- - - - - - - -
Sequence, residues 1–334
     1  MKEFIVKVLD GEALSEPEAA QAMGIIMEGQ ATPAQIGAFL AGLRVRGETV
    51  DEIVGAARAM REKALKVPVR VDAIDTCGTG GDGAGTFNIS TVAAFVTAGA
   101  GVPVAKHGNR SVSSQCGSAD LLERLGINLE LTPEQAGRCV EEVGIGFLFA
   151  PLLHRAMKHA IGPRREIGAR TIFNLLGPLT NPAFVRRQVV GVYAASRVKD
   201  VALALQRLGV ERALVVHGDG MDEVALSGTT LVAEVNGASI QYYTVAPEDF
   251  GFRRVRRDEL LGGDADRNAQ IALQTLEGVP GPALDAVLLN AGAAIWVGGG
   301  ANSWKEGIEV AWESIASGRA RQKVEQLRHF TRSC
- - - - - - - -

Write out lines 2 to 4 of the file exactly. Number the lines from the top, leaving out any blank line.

     1  MKEFIVKVLD GEALSEPEAA QAMGIIMEGQ ATPAQIGAFL AGLRVRGETV
    51  DEIVGAARAM REKALKVPVR VDAIDTCGTG GDGAGTFNIS TVAAFVTAGA
   101  GVPVAKHGNR SVSSQCGSAD LLERLGINLE LTPEQAGRCV EEVGIGFLFA